Her worst notions of vending machine infidelity were seemingly confirmed when, while staking out the machine (yes it had gotten to that point) she spotted a hunched over homeless man shuffling over to her ‘significant other’ and cautiously jiggling her precious handle with his filthy hands. Donna fumed at the violation as the wastrel bent down to check its slot and finally stagger off with nothing to show for it.
At least it was particular about who it gave it up to. But it would prove to be a small emotional victory when, the very next day, a swarthy Mexican looking banger walked over, jiggled the handle (rather harshly she thought) and bent down to find its slot very full. He helped himself to the coins and, as Donna perceived as a further violation, took the last newspaper in the machine and walked off with it. Donna seethed at the continued slight of her metal friend.
Donna saw the machine’s dalliances as proof that what it was that they had was over. She went back to her real life, was judicious in going blocks out of her way to avoid the vending machine and the unnerving appearances of Coinstar change counters (overtures she resolutely refused) everywhere she went. But, in the sense that she felt a jilted lover in a very strange relationship, Donna was only able to hold out for two weeks before she returned to the scene of the crime and what she perceived as a final parting of the ways.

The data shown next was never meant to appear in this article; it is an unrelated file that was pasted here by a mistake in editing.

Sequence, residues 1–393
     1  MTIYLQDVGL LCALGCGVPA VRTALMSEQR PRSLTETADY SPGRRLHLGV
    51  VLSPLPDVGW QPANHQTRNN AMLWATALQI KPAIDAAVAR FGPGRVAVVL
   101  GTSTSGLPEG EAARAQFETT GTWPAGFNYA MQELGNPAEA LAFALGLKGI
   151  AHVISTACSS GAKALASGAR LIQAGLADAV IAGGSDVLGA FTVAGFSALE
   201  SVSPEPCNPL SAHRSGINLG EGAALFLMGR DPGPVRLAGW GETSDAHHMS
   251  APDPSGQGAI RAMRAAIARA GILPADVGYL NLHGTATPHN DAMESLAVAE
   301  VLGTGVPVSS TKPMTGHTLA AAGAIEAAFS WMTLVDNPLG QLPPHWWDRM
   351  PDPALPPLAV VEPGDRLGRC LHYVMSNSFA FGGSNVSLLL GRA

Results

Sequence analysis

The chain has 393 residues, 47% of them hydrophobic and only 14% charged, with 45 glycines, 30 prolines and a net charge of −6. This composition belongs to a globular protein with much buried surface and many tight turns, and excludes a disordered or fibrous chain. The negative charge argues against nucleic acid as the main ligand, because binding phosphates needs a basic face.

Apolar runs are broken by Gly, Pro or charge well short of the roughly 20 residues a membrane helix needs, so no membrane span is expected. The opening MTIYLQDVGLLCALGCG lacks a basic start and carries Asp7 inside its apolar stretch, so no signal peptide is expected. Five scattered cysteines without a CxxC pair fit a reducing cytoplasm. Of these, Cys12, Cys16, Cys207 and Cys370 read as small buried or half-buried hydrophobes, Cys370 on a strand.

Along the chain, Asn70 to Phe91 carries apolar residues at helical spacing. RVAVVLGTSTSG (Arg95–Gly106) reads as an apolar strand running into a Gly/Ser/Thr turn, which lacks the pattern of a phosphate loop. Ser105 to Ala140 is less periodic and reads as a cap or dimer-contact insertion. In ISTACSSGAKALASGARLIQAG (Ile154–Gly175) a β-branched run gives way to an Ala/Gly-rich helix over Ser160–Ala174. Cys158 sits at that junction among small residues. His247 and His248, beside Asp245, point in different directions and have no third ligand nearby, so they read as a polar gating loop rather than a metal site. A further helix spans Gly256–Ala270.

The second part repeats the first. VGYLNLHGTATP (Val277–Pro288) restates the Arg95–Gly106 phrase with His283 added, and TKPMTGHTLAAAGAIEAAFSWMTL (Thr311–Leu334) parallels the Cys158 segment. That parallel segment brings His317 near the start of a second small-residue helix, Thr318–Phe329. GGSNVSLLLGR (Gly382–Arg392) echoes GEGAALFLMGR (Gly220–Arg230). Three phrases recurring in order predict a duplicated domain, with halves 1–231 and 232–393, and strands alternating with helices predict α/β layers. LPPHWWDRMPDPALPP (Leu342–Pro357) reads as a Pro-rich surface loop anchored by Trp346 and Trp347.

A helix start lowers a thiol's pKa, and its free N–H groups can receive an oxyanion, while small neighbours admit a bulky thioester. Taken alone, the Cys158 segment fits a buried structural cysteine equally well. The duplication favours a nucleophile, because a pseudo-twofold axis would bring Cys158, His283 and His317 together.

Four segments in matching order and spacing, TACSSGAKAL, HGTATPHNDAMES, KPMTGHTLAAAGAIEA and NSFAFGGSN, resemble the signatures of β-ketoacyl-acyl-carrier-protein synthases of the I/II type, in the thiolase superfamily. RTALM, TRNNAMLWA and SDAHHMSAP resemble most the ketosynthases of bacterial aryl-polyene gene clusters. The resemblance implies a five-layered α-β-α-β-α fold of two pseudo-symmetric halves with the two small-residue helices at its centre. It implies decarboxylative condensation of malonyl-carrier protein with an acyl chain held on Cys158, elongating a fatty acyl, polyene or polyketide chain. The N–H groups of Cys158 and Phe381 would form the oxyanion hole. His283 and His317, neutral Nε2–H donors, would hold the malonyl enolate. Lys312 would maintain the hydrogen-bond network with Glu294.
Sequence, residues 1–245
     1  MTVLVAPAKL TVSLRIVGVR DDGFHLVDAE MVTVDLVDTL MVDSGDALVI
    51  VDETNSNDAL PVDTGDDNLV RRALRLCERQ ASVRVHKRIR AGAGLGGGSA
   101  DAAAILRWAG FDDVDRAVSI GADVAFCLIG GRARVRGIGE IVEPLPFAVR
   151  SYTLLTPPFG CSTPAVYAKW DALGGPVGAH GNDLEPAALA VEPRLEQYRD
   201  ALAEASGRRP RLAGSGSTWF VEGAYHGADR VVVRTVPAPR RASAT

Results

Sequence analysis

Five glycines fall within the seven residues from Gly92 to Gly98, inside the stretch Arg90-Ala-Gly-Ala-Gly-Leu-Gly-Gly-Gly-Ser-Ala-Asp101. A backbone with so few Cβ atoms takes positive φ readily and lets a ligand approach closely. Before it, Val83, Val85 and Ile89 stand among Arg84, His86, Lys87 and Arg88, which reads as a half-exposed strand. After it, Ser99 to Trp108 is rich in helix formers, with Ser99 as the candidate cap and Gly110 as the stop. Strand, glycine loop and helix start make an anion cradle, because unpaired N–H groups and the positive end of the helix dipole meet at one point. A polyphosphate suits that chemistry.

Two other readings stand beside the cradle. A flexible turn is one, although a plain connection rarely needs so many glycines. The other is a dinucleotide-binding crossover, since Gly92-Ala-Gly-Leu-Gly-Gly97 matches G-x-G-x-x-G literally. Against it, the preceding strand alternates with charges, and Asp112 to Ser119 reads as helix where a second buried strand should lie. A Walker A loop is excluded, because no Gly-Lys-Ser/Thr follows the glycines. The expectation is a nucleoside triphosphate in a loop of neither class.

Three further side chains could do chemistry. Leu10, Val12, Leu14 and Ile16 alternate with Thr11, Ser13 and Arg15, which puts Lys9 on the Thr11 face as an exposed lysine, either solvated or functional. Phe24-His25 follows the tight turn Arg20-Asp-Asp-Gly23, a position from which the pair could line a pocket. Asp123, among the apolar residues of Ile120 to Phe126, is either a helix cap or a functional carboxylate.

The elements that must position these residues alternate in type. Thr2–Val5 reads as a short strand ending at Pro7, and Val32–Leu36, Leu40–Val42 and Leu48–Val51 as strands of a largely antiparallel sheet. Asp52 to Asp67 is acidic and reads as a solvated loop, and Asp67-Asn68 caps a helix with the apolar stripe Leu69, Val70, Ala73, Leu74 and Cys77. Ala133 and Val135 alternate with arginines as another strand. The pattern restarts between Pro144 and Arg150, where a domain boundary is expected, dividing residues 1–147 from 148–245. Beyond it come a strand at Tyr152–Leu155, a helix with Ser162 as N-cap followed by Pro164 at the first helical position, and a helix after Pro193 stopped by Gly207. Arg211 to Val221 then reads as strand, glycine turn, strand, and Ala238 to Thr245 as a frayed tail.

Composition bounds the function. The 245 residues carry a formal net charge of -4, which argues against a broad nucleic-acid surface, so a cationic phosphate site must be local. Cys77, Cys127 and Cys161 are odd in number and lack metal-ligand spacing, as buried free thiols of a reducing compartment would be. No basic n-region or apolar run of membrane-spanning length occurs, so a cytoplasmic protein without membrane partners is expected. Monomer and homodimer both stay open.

Donna arrived early. Apparently, it was not early enough.
A middle aged man stood some five feet away, arms folded and looking straight ahead. Donna’s mind went deadly red. She wanted to kick his ass. She wanted to kick the machine’s ass. For Donna, the obsession, the fantasy, the whatever it was that brought human and machine together had reached critical mass.
Donna suddenly softened. She passed the man who gave her a scant look. Donna approached the LA Times vending machine that had spent weeks messing with her head. She looked down at the logo and stared mental daggers into it. Donna sensed that it was over. She gave the handle a rough jiggle and turned to walk away…
When she heard the familiar sound of coins hitting the coin return slot. A thin smile crossed her face as she scooped the coins up and into her pocket. She walked away. Donna felt she had the final say and that the machine was saying it was sorry. Donna loved the irony of it all.
Woman vs machine and woman won.
Or had she?
She was about a hundred yards from the machine when she heard the sound of rattling. The man was wrestling with the vending machine handle, yanking hard several times. Then he bent to the coin return and slipped his fingers in. The slot was empty. The man looked out at Donna, a mixture of quizzical and pissed off wrinkling his features. Donnna smiled and then chuckled. Typical man, she thought.
All the machine needed was a woman’s touch.